Over the last decades of the century fundamental changes have taken place in the global order. As is evident ethnopolitics has generally gained an unanticipated dynamism almost in all regions, emerging in the long established and relatively young nation-states of the world at the same time.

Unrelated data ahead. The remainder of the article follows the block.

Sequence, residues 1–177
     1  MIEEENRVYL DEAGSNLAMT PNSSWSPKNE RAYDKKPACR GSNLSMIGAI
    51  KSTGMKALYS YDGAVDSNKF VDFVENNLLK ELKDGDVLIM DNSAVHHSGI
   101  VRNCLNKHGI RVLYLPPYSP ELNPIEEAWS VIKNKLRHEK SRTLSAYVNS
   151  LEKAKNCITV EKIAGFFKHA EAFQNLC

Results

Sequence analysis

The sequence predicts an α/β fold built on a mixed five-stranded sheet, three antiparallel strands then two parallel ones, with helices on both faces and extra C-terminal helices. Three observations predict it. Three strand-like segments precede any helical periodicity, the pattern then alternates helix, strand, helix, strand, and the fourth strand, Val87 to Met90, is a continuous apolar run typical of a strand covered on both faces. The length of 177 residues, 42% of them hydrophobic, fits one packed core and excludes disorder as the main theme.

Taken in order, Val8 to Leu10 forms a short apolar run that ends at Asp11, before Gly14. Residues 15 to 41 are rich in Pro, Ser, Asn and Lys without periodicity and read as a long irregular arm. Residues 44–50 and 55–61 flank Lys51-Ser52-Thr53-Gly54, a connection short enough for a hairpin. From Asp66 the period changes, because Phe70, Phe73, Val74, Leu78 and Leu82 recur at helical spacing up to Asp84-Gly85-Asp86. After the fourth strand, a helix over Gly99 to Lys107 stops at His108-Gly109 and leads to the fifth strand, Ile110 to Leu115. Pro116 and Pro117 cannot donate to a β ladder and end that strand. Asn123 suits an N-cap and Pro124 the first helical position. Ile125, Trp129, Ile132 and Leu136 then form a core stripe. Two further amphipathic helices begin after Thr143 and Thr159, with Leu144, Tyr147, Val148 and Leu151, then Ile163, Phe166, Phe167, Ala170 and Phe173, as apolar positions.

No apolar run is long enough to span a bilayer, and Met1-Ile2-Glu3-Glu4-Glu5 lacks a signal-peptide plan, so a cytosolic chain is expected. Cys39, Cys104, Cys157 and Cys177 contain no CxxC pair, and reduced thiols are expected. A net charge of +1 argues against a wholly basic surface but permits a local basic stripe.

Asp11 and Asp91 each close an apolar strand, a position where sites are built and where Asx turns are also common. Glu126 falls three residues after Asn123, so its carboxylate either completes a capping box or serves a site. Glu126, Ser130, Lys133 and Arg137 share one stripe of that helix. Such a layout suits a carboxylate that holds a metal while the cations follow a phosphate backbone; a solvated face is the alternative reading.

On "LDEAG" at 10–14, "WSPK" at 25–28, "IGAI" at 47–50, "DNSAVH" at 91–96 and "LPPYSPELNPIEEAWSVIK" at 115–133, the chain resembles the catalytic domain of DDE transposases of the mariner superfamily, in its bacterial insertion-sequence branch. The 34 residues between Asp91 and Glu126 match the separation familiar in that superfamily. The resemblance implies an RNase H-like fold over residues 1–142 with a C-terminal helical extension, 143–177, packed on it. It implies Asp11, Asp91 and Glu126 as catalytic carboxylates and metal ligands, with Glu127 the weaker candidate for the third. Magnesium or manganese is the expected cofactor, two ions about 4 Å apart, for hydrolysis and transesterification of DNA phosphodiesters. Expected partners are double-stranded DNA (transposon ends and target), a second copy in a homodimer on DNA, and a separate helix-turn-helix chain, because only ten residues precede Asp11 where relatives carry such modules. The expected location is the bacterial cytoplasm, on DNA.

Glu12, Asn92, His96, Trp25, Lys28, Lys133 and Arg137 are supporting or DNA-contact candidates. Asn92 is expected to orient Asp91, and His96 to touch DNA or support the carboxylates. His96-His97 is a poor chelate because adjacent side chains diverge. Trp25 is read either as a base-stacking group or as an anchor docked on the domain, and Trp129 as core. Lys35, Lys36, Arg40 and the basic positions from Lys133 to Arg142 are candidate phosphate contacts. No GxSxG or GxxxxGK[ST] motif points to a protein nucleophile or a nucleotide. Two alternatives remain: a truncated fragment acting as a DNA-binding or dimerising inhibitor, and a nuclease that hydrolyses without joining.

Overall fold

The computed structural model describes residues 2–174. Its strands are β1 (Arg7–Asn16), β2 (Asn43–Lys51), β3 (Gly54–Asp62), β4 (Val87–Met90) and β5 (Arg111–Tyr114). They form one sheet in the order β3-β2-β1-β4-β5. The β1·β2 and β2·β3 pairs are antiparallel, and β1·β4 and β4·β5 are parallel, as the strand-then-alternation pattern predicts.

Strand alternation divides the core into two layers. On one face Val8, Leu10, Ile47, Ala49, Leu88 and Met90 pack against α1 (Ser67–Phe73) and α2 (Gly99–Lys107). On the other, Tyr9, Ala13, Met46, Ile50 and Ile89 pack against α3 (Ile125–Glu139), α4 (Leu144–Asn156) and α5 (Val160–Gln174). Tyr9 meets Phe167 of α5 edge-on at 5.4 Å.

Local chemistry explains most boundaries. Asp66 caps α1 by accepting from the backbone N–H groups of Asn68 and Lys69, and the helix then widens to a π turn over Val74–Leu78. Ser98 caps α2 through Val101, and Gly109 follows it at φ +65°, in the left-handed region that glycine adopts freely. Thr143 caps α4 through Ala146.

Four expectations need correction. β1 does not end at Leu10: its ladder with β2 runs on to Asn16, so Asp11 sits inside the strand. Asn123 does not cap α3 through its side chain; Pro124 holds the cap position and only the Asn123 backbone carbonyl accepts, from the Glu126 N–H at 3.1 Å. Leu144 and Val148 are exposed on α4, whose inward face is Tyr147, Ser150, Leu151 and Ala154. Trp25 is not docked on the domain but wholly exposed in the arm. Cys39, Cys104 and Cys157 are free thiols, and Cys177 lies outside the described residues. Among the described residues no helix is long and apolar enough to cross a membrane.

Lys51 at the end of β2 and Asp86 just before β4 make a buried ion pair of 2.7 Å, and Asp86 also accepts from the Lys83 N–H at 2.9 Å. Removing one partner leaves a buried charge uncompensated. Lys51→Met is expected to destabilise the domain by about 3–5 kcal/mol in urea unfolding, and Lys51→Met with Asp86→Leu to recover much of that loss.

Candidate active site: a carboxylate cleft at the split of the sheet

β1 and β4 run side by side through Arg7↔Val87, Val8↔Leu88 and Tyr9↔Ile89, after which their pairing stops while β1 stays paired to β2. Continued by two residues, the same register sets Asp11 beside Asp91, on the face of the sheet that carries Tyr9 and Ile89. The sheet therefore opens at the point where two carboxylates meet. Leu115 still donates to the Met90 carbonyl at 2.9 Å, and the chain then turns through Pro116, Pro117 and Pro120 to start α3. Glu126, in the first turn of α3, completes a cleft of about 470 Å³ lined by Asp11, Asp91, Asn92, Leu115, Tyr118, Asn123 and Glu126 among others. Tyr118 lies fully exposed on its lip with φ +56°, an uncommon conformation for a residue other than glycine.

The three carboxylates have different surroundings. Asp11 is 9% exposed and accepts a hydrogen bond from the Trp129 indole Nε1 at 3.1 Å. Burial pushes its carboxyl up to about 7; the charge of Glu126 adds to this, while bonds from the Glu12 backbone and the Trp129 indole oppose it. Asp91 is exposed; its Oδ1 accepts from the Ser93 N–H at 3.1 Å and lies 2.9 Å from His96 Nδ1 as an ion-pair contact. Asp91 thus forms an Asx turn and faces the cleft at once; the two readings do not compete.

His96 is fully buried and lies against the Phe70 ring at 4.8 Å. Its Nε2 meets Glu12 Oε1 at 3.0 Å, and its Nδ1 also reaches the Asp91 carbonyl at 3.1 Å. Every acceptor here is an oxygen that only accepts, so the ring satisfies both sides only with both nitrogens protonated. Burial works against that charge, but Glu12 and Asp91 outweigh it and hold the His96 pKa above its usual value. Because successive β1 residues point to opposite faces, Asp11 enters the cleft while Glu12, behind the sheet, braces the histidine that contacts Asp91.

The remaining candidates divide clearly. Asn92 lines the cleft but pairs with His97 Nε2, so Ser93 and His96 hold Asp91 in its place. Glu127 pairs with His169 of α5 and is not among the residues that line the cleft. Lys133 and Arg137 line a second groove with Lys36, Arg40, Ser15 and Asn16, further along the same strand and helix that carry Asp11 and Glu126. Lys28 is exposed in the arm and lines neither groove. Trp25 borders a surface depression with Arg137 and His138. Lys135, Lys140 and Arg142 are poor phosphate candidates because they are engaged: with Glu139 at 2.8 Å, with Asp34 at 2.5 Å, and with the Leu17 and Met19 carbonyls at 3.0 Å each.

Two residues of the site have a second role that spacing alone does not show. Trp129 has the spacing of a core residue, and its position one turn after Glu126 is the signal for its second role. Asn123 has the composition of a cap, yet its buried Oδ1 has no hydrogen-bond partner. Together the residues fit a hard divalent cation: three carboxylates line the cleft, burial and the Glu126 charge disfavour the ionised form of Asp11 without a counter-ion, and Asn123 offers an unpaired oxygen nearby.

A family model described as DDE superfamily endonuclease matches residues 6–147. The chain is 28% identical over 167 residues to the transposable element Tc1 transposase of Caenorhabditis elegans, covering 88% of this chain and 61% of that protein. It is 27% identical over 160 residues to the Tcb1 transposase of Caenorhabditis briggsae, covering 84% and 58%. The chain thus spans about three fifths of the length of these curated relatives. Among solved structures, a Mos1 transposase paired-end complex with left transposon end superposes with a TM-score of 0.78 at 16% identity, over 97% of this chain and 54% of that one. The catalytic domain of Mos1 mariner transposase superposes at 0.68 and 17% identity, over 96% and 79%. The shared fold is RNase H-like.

The specific impact of post-cold war and post-communist developments have further increased the significance of this process. Increasing trends of regional integration, global and multicultural intercourse, in parallel, have also onset such new sets of relations that the very political, economic and cultural foundations of the nation-state are being seriously challenged. Consequrntly, there has emerged both a theoretical and a practical necessity to reconsider historical legacies and conceptual constructs surrounding teh phenomenon of the nation-state at large.